What are the three common chemical forms of calcium indicators? What is the difference between salts, dextran conjugates, and acetoxymethyl (AM) esters?
Posted September 26, 2018
The 3 common chemical forms of calcium indicators are salts, dextran conjugates, and acetoxymethyl (AM) esters.
Salt forms are hydrophilic, they are membrane impermeable and require invasive loading procedures. They can be introduced into cells by multiple techniques including microinjection, diffusion from patch clamp pipettes, electroporation and lipo transfer using liposomes. Once introduced into the cell, the salt form of Ca2+indicators rapidly equilibrates and can be used for Ca2+ imaging measurements within minutes.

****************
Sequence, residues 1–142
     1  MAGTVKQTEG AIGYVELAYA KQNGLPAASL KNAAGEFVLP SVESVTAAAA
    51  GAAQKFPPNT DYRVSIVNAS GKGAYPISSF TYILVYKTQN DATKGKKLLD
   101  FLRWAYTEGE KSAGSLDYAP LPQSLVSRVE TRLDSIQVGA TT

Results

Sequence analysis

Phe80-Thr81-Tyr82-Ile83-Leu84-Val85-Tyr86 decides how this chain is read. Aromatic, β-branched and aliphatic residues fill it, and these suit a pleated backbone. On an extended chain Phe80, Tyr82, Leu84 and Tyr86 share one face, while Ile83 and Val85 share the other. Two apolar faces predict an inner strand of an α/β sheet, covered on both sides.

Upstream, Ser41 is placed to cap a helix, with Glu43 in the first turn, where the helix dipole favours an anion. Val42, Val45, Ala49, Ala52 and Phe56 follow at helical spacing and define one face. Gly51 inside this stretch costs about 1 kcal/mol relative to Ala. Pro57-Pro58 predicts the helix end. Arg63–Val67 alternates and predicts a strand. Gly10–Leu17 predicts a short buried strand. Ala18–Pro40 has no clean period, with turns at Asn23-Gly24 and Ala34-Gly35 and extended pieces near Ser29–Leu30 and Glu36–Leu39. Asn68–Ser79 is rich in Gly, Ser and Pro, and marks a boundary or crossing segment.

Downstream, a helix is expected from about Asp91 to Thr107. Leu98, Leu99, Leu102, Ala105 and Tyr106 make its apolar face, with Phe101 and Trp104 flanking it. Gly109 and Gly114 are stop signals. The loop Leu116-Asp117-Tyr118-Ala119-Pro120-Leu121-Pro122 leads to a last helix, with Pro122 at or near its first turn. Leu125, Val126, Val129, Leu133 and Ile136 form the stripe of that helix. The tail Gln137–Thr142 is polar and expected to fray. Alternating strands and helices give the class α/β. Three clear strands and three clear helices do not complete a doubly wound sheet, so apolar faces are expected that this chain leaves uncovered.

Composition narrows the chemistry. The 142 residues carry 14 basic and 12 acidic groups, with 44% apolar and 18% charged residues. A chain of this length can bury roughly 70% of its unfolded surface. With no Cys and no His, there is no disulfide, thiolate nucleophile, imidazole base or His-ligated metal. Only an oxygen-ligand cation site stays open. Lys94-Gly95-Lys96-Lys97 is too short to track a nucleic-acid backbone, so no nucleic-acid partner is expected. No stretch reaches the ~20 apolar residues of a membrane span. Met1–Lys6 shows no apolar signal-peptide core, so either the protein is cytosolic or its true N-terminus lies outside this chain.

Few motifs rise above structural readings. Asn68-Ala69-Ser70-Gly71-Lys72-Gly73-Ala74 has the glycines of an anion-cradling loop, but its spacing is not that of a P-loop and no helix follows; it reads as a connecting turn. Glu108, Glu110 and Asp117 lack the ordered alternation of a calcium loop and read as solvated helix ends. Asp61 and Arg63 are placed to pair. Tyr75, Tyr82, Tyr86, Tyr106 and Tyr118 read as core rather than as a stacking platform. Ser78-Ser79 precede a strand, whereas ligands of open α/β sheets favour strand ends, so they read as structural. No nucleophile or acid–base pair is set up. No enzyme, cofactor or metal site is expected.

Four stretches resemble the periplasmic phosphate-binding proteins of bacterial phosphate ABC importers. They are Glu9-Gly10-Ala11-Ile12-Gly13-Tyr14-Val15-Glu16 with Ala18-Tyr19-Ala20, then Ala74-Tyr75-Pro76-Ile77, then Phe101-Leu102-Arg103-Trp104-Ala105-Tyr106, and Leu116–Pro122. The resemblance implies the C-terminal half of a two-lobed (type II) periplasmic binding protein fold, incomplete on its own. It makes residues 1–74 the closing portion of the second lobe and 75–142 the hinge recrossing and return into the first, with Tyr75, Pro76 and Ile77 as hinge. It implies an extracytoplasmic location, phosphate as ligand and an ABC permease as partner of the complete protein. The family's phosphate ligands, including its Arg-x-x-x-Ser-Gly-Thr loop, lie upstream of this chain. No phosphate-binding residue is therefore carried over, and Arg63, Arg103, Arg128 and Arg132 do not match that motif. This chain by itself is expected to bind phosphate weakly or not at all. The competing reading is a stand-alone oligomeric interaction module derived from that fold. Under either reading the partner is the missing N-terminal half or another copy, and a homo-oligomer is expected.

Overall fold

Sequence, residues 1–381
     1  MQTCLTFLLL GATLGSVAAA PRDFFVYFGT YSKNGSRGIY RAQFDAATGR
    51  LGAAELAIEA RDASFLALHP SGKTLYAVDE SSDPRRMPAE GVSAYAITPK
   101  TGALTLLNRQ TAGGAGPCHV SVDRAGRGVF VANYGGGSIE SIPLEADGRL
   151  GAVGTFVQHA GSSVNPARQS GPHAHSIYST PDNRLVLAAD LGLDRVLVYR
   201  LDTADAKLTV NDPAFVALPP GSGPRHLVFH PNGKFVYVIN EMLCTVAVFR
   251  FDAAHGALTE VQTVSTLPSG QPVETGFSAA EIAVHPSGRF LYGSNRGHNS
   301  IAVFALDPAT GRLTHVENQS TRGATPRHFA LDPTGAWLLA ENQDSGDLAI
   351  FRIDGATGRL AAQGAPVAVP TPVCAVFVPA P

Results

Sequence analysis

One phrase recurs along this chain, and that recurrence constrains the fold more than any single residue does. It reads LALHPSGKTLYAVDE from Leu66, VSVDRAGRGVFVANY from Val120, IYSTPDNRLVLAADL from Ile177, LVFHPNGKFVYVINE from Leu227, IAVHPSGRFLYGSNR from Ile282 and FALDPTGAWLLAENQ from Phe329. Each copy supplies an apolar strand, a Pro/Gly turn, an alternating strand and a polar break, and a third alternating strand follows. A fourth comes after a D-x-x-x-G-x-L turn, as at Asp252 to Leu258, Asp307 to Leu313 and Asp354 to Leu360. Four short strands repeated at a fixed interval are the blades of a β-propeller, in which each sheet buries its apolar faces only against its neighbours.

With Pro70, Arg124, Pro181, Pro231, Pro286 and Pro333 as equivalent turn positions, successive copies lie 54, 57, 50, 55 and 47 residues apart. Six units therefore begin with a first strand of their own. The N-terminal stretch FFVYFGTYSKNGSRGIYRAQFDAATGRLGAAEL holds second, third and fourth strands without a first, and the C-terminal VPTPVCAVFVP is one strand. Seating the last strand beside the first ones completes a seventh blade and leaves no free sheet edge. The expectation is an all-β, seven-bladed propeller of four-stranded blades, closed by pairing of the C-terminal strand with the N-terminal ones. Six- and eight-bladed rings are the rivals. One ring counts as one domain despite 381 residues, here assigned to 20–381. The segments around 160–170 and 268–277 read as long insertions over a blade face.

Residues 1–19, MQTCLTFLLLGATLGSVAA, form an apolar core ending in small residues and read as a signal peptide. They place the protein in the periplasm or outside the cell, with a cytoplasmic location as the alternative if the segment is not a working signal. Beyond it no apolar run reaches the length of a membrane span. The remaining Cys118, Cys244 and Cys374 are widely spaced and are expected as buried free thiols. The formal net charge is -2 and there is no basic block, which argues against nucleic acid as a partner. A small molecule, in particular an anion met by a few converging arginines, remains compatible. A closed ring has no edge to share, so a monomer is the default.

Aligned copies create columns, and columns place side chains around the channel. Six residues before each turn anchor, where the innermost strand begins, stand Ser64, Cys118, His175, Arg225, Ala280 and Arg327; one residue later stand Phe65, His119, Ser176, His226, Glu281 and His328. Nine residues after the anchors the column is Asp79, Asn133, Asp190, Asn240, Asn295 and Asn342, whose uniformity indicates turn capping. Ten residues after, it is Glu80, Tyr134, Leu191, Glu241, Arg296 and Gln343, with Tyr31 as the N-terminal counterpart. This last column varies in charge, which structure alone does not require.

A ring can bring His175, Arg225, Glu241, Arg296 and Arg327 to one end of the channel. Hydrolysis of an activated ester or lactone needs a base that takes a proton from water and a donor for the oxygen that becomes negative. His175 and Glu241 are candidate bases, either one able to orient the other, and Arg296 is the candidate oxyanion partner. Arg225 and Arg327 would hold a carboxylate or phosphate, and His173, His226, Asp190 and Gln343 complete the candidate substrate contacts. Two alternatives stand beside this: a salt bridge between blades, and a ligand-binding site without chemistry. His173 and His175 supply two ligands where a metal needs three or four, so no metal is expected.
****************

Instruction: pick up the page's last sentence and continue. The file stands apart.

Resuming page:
Dextran conjugates were specifically engineered to address the problem of compartmentalization. Dextrans have high water solubility, low toxicity, and exhibit essentially no compartmentalization over very long recording periods up to days in length. However, these indicators are membrane impermeable like salts form and must be invasively introduced into the cell.
Ca2+ indicator dyes with AM esters are membrane permeable and can be passively loaded into cells simply by adding them to the extracellular medium. Intracellular esterases then cleave the AM group and trap the dye inside cells. Another advantage of using AM-linked Ca2+ dyes is that subcellular compartments can be labeled. For example, low affinity Ca2+ indicators can be used to monitor Ca2+ levels in the endoplasmic reticulum.